Print Friendly, PDF & Email

The U.S. Navy’s Virginia-class submarines are facing significant production delays, with reports indicating that construction is running about three years behind schedule due to workforce shortages at key shipyards.

-The Virginia-class subs, intended to replace aging Los Angeles-class submarines, are essential for various missions, including anti-submarine warfare and reconnaissance. The latest Block V variants, with enhanced capabilities and increased payloads, are particularly delayed.

-These delays are exacerbated by the simultaneous construction demands of the new Columbia-class vessels. The Navy’s efforts to address these delays are crucial, especially as tensions with China heighten the urgency for these advanced submarines.

Urgent Needs, Delayed Timelines: Virginia-Class Subs Behind Schedule

While it was already obvious that the U.S. Navy’s newest submarines were failing to meet their original production timelines, recent reports suggest that Virginia-class ships could face years-long delays.

According to reports in January, a workforce shortage at Fincantieri’s Marinette Marine shipyard is slowing production of a first-of-class guided-missile frigate. When concerned Navy officials carried out an extensive review of the service’s shipbuilding portfolio, they discovered that many of the Navy’s premiere shipbuilding programs were running at least a full year behind schedule.

According to Defense News, construction of Block IV Virginia-class submarines was running about three years behind schedule. Tensions between Washington and Beijing increase the urgency for accepting these submarines into service.

Introducing the Virginia-Class

When the Soviet Union collapsed and the Cold War faded in the early 1990s, the Navy first looked to its Seawolf-class submarines to replace the aging Los Angeles class. However, these ships were canceled due to budgetary constraints after only three were produced. The Virginia class gave the Navy a cost-efficient alternative to the Seawolf ships – the Virginia subs cost roughly $1 billion dollars less. The first Virginia-class SSNs entered service in the early 2000s able to operate mission sets including anti-submarine warfare, intelligence gathering, reconnaissance, and littoral operations.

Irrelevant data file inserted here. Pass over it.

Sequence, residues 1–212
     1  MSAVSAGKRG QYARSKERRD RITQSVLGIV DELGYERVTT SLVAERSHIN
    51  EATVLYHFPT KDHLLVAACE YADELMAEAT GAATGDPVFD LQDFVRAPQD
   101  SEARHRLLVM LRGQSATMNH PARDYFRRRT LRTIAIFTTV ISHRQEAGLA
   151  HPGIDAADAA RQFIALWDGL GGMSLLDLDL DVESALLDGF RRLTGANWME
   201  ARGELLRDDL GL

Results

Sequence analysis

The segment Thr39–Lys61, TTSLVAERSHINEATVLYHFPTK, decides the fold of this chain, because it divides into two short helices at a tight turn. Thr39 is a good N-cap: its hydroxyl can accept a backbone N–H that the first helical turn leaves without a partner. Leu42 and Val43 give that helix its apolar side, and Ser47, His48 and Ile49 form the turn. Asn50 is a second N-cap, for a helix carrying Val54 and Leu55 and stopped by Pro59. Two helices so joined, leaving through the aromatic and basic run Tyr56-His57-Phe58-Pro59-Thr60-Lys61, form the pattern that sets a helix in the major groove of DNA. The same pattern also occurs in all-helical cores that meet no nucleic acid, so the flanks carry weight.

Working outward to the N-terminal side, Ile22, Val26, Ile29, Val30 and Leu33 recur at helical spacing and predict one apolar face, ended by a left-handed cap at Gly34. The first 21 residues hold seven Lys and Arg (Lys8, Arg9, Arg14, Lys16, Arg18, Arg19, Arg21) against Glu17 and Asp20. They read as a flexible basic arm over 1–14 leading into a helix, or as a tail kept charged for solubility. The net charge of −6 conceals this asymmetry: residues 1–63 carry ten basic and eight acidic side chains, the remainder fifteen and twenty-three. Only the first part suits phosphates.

Manufacturers Newport News Shipbuilding and General Dynamics Electric Boat designed a small version of a Virginia-class submarine in 2001 that would become an affordable test platform for trying out newer technologies. These two manufacturers have built all 21 Virginia-class submarines in service today, as they are the only shipyards of their kind able to build nuclear-powered SSNs.

Specs & Capabilities:

Earlier Virginia-class variants measured 377 feet long and 34 feet wide, with displacements of 7,800 tons when submerged. Later SSN blocks entered service over the years, and most of the 21 Virginia ships in service today are Blocks I through III. Only three Block IV vessels are deployed today, with several more under construction. Block III SSNs are equipped with 12 vertical launch tubes for Tomahawk land attack missiles, and other modifications that help enhance flexibility. The Virginia Payload Tubes fitted on these ships reduce acquisition costs and increase payload flexibility.

Although every Virginia-class SSN is powerful, the latest Block V variant is especially so. These models’ lengthened hulls can fit the Virginia Payload Module (VPM), which carries additional cruise missile tubes. The payload increase alone sets the latest Virginia variant apart from its sister ships. As detailed by The Drive, the VPM will feature a hull plug that can be adapted to the seabed warfare role “instead of hauling around cruise, hypersonic and other missiles.” Additionally, the submarine is able to incorporate new technologies as they emerge, a cost-saving function.

While the Block V capabilities are unmatched, the production pace for these SSNs has slowed down. These submarines are being constructed by the same manufacturers responsible for building the latest Columbia-class vessels. Clearly, this workload may be too ambitious, as the schedules for both platforms keep getting extended.

As explained in a recent report by the Government Accountability Office, “While the fixed price incentive contract set target and ceiling prices for each submarine, program officials reported that the VCS shipbuilders have not met the work efficiency and material cost estimates that informed the target pricing. Consequently, the Navy plans to request more funds to complete Block V, as its prior budget requests covered the target prices, but not up to the ceiling prices.”

Churning out Block V Virginia variants is just as important as getting Columbia-class ships out on the water as soon as possible. However, workforce shortages may rule out the timely introduction of both platforms.

Please Share: